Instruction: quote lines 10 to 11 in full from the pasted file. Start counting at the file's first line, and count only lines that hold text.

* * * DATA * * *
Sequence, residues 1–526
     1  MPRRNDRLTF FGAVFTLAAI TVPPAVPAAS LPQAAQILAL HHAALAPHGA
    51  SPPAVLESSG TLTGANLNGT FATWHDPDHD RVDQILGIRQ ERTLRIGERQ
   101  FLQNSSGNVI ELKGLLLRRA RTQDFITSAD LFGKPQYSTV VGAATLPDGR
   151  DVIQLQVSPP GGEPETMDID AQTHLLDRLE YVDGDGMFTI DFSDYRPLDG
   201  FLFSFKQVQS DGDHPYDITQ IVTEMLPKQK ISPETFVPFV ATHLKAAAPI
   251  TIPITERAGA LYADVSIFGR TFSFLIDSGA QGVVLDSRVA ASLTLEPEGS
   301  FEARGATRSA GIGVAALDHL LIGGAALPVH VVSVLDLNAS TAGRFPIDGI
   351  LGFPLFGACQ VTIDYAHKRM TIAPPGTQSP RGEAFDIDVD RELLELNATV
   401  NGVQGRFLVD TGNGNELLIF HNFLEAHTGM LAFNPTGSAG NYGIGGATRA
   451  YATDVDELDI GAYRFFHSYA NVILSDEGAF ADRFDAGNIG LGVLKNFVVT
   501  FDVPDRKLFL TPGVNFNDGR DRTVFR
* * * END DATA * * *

   401  NGVQGRFLVD TGNGNELLIF HNFLEAHTGM LAFNPTGSAG NYGIGGATRA
   451  YATDVDELDI GAYRFFHSYA NVILSDEGAF ADRFDAGNIG LGVLKNFVVT